|Taenia crassiceps larvae|
Taenia crassiceps is a tapeworm in the family Taeniidae. It is a parasitic organism whose adult form infects the intestine of carnivores, like canids. It is related to Taenia solium, the pork tapeworm, and to Taenia saginata, the beef tapeworm. It is commonly found in the Northern Hemisphere, especially throughout Canada and the northern United States.
Natural intermediate hosts of this organism are usually small rodents and moles. The larval stages of T. crassiceps develop subcutaneously or in their body cavities as cysticerci which are cyst-like structures.
T. crassiceps begins its life in the intestines of wild canines, like a wolf. Inside the wolf, the tapeworm reproduces. Its eggs are passed in the wolf feces, and are eaten by a rat. When the rat is eaten by another wolf, the parasite's life cycle repeats. Taenia crassiceps rarely infect humans; however if they do, they often cause ocular larva migrans that can progress to blindness. An adult human's immune system typically removes the parasite before permanent damage is done. However juveniles are typically less defended.
Taenia crassiceps is described as an opportunistic infection in severe immunodeficiency, as in AIDS. But human infection are rare, with only eight cases reported and individuals who were infected tended to be immunosuppressed patients where parasites accumulated on skeletal muscles and subcutaneous tissue, and some with intraocular infections. Rodents are natural intermediate hosts, and they harbor the cyst-like larvae (metacestodes, cysticerci) in the peritoneal cavity, where they multiply by asexual budding. Humans serve as intermediate hosts when food or water contaminated with feces from infected canids or felids is consumed.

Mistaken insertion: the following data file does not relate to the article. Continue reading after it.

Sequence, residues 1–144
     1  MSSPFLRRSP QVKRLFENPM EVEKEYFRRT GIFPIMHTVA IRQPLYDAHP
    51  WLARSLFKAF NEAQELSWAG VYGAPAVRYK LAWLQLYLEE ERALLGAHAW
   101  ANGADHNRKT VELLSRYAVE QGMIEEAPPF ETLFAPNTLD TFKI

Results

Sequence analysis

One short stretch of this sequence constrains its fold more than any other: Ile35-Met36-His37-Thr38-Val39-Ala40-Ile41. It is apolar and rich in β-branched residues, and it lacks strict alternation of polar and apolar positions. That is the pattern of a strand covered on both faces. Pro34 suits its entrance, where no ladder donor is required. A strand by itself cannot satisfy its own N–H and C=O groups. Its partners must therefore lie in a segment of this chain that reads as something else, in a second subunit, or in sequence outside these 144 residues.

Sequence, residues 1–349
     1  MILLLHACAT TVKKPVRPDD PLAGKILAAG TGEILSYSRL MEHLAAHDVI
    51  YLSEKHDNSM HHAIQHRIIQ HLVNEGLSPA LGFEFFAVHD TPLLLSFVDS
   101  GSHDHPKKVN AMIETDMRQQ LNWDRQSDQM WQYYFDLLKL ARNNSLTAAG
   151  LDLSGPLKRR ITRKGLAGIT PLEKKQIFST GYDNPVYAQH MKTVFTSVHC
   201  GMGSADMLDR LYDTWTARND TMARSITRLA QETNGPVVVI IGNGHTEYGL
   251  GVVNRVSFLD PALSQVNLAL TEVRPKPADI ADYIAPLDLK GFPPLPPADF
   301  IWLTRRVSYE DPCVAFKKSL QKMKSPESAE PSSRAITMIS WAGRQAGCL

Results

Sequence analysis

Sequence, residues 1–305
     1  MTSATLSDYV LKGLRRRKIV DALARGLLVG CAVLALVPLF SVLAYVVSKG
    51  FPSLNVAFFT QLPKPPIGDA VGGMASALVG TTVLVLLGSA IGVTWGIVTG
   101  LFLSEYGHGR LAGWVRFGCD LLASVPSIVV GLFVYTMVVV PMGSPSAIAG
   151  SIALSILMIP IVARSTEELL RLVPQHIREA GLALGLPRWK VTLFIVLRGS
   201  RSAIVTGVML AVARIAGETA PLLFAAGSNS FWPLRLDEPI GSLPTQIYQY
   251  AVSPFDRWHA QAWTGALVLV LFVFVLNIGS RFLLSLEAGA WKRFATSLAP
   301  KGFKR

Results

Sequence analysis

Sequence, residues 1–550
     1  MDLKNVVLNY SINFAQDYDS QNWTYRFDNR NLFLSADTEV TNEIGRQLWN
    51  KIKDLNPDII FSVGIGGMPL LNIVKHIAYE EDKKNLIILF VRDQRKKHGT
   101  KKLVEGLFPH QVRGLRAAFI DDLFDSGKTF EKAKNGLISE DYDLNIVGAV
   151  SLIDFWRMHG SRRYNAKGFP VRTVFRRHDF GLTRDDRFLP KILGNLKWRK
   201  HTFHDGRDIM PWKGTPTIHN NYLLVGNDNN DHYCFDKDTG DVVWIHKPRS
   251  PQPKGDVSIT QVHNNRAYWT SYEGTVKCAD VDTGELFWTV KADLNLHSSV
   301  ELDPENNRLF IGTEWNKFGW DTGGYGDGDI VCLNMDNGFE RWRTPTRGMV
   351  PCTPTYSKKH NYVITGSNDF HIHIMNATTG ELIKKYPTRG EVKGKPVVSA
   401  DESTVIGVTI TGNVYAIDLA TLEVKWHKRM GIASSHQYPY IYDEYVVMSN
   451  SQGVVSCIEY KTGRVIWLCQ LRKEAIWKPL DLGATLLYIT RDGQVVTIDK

A case of intracranial T. crassiceps tapeworm cysticercosis with severe involvement of the cerebellum is described. A 51-year-old German woman was hospitalized because of progressive headache, nausea, and vomiting. The signs and symptoms had started 2 weeks before, and intensity had been increasing ever since. At the time of admission, the patient showed cerebellar ataxia but no further neurologic deficits. She did not have fever or other symptoms. She had no known chronic preconditions or recent hospital stays and had never taken immunosuppressant drugs. She had no family history of neurologic symptoms or malignant diseases. Combined surgical removal of the larvae and treatment with albendazole and praziquantel led to a complete cure in this nonimmunocompromised patient. The organism was unequivocally identified by molecular methods, thus avoiding a misdiagnosis of Taenia solium tapeworm cysticercosis.
There may be no symptoms. Symptoms may include: Headaches, Nausea, and Vomiting
Positive test results from a serum enzyme-linked immunosorbent assay ELISA for anticysticercal antibodies help confirm the diagnosis; however, negative test results do not exclude cysticercosis. A CBC count may reveal eosinophilia.
Surgical removal is mandatory for individuals with intraoscular cysts. Oscular cysticercosis can be effectively treated with Anthelminthics such as Albendazole or Praziquantel, oral corticosteroids.
The immune response elicited by T. crassiceps and its antigens in human and mice cells were studied, suggesting that it had a strong capacity to induce chronic Th2-type responses that are primarily characterized by high levels of Th2 cytokines, low proliferative response in lymphocytic cells, immature and LPS-tolerogenic profile in dendritic cells, the recruitment of myeloid-derived suppressor cells, and activated macrophages.
Includes public domain text from the CDC as cited